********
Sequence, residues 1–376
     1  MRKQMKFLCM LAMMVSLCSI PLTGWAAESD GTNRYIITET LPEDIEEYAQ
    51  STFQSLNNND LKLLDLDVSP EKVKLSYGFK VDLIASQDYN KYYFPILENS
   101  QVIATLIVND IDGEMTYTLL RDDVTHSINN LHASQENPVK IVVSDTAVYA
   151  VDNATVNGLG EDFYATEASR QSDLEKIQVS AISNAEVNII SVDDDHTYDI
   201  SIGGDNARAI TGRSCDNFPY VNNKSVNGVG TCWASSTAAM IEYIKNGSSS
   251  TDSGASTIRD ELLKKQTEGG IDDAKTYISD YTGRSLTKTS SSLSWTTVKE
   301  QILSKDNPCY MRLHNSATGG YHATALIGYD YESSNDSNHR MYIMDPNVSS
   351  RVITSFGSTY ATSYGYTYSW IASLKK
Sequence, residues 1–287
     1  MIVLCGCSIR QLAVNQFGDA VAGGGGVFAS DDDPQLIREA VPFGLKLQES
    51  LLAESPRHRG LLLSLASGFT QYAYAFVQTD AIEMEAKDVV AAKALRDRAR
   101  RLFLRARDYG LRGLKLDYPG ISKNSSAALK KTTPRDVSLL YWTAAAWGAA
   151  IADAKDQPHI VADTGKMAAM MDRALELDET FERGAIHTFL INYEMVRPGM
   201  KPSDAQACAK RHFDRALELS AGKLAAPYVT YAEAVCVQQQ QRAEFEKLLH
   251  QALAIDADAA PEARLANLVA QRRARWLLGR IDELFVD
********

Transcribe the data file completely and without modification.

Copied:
Sequence, residues 1–376
     1  MRKQMKFLCM LAMMVSLCSI PLTGWAAESD GTNRYIITET LPEDIEEYAQ
    51  STFQSLNNND LKLLDLDVSP EKVKLSYGFK VDLIASQDYN KYYFPILENS
   101  QVIATLIVND IDGEMTYTLL RDDVTHSINN LHASQENPVK IVVSDTAVYA
   151  VDNATVNGLG EDFYATEASR QSDLEKIQVS AISNAEVNII SVDDDHTYDI
   201  SIGGDNARAI TGRSCDNFPY VNNKSVNGVG TCWASSTAAM IEYIKNGSSS
   251  TDSGASTIRD ELLKKQTEGG IDDAKTYISD YTGRSLTKTS SSLSWTTVKE
   301  QILSKDNPCY MRLHNSATGG YHATALIGYD YESSNDSNHR MYIMDPNVSS
   351  RVITSFGSTY ATSYGYTYSW IASLKK
Sequence, residues 1–287
     1  MIVLCGCSIR QLAVNQFGDA VAGGGGVFAS DDDPQLIREA VPFGLKLQES
    51  LLAESPRHRG LLLSLASGFT QYAYAFVQTD AIEMEAKDVV AAKALRDRAR
   101  RLFLRARDYG LRGLKLDYPG ISKNSSAALK KTTPRDVSLL YWTAAAWGAA
   151  IADAKDQPHI VADTGKMAAM MDRALELDET FERGAIHTFL INYEMVRPGM
   201  KPSDAQACAK RHFDRALELS AGKLAAPYVT YAEAVCVQQQ QRAEFEKLLH
   251  QALAIDADAA PEARLANLVA QRRARWLLGR IDELFVD